Vendors were carefully selected to ensure they are committed to sustainable business practices. “A repurposed wedding gown, local/organic caterer, electric getaway car with solar panels on the roof, organic flowers, and more” will be part of the big day, explains Tammy Truong, Expo coordinator. “We want to give examples and get people to start thinking about how they can make changes in their overall lifestyles that don’t make a huge dent in their pocketbook or their everyday lives, but make a big impact on how we treat the earth,” she explains.

Tips on how to plan a green wedding

There are many different aspects to planning your wedding. Make every planning decision eco-friendly, or incorporate just a few of the following. Every environmentally responsible choice helps.

•    Consider an outdoor wedding venue in a natural spot.

•    Have the ceremony and reception in one location, cutting down on drive time between the two.

•    Consider buying a vintage gown, purchasing your dress from a consignment shop, or buying an organic silk or hemp gown. *Already married? Learn how you can donate your wedding gown for charity at

•    Buy invitations that are on recycled paper or made from sustainable fibers and materials such as banana stalks, bamboo, corn husks, organic cotton, or sugarcane.

•    Use a reply postcard and skip the inner envelopes (you’ll save on paper and money).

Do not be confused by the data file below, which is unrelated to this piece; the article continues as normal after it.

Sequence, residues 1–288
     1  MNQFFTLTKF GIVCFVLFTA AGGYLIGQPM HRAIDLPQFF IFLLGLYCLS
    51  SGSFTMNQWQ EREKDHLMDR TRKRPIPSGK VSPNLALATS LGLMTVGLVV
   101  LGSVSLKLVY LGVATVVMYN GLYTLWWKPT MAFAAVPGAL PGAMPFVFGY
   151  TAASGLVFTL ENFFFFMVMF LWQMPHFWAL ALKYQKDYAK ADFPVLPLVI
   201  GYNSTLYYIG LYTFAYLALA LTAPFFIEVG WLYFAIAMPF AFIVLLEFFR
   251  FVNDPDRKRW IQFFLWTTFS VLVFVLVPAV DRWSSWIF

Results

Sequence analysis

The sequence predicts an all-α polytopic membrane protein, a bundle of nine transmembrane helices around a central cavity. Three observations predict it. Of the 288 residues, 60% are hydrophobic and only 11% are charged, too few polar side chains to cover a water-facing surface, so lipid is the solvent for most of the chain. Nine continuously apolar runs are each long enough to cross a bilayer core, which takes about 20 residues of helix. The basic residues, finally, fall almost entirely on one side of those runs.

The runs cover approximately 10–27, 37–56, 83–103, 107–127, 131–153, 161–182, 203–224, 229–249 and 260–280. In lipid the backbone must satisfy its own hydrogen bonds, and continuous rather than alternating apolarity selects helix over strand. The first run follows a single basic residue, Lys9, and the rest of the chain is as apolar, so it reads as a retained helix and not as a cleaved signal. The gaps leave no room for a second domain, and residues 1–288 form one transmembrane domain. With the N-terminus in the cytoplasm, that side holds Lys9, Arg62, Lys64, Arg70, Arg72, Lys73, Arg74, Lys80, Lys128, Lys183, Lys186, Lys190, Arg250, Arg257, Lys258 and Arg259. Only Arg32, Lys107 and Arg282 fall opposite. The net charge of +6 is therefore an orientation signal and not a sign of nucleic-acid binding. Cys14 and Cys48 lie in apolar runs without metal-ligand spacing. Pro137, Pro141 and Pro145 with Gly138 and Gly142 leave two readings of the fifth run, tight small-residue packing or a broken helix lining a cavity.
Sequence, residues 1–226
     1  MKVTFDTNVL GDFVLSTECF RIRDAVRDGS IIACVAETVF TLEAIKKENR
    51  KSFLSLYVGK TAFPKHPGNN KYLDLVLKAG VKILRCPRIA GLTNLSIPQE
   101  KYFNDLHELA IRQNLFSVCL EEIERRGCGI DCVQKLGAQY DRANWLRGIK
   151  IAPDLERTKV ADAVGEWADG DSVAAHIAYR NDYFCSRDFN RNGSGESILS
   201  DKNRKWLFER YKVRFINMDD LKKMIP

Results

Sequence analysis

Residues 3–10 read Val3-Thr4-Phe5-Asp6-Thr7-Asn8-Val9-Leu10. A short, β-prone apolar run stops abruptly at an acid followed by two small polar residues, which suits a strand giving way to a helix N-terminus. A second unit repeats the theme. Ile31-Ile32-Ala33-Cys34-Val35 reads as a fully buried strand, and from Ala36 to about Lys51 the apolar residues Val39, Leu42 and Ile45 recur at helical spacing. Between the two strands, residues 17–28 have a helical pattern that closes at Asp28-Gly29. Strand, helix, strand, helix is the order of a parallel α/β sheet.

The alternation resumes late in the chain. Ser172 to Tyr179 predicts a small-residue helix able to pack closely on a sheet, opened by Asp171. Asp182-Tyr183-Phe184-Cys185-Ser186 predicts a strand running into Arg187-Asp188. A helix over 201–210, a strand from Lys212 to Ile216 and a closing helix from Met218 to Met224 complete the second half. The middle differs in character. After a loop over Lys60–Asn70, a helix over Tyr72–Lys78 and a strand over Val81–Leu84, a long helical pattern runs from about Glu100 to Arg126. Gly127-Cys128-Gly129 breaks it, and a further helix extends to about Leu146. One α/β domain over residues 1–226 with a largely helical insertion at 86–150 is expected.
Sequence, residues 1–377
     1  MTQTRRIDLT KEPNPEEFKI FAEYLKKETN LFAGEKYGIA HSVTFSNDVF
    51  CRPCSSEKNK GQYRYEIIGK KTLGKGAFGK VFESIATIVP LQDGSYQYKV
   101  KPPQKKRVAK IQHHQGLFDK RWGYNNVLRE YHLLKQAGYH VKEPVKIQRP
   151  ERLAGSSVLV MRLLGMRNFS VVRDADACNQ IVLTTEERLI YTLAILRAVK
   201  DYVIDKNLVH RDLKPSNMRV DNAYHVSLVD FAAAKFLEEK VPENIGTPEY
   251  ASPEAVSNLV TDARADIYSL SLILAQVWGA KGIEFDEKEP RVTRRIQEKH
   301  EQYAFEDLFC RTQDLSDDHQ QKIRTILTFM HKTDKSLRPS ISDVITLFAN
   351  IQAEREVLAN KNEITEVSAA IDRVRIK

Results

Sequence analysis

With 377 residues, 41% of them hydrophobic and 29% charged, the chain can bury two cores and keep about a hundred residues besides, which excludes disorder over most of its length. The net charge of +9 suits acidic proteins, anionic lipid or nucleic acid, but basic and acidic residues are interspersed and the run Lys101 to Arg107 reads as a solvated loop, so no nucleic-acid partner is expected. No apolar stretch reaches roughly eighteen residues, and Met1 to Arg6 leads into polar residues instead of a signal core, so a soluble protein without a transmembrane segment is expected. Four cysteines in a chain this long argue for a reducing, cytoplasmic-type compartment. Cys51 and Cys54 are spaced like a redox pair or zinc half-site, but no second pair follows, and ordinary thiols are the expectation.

•    Choose a caterer who will provide vegetarian, organic, and seasonal entrees.

•    Make sure the venue offers recycling facilities, and ideally composting, too.

•    Rent real dinnerware, glassware, and cloth napkins to avoid using disposables. If you must use disposables, look for biodegradable utensils and dishes made from cornstarch, potatoes, or wheat.

•    Find a florist that uses organic flowers.

•    Think about registering for a honeymoon or having guests donate to your favorite charity rather than a traditional gift registry.

•    If you’re buying gifts for your wedding party, consider options like gift certificates, wine, chocolate, or tickets to plays, concerts, or museums.

•    Plan your honeymoon to a local destination rather than an island getaway and save on emissions from flights.

The Green Wedding is made possible by the generosity of the following:


Chowgirls Killer Catering Laurie Schneider Photography
Artemisia Generation NOW Entertainment
ReGo Electric Conversions Zaega
Goodwill – Easter Seals Minnesota Lost & Found
Borton Fisker Journey Inn
Tre Corda Trio Barristers Estate Jewelry
Minnesota Environmental Partnership American Lung Association
Bryant Lake Bowl All Things Herbal
Asahi Loft ecoEnvelopes 



New Areas Show Connection between the Arts and the Environment

Living Green Art Exhibit